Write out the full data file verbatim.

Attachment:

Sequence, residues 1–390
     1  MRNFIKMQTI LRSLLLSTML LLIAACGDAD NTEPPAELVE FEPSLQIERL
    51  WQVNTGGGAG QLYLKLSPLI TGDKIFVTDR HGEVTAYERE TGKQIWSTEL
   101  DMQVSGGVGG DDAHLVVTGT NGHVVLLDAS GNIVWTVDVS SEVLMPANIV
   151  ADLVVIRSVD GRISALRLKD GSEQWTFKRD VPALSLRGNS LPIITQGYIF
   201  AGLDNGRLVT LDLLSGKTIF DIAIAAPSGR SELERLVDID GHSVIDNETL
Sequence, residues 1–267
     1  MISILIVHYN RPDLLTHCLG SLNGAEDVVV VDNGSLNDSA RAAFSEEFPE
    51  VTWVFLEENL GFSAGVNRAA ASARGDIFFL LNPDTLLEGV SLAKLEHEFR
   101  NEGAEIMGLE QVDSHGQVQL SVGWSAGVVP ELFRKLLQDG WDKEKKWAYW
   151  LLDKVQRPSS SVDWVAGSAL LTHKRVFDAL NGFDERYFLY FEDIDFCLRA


Sequence, residues 1–390
     1  MRNFIKMQTI LRSLLLSTML LLIAACGDAD NTEPPAELVE FEPSLQIERL
    51  WQVNTGGGAG QLYLKLSPLI TGDKIFVTDR HGEVTAYERE TGKQIWSTEL
   101  DMQVSGGVGG DDAHLVVTGT NGHVVLLDAS GNIVWTVDVS SEVLMPANIV
   151  ADLVVIRSVD GRISALRLKD GSEQWTFKRD VPALSLRGNS LPIITQGYIF
   201  AGLDNGRLVT LDLLSGKTIF DIAIAAPSGR SELERLVDID GHSVIDNETL
Sequence, residues 1–267
     1  MISILIVHYN RPDLLTHCLG SLNGAEDVVV VDNGSLNDSA RAAFSEEFPE
    51  VTWVFLEENL GFSAGVNRAA ASARGDIFFL LNPDTLLEGV SLAKLEHEFR
   101  NEGAEIMGLE QVDSHGQVQL SVGWSAGVVP ELFRKLLQDG WDKEKKWAYW
   151  LLDKVQRPSS SVDWVAGSAL LTHKRVFDAL NGFDERYFLY FEDIDFCLRA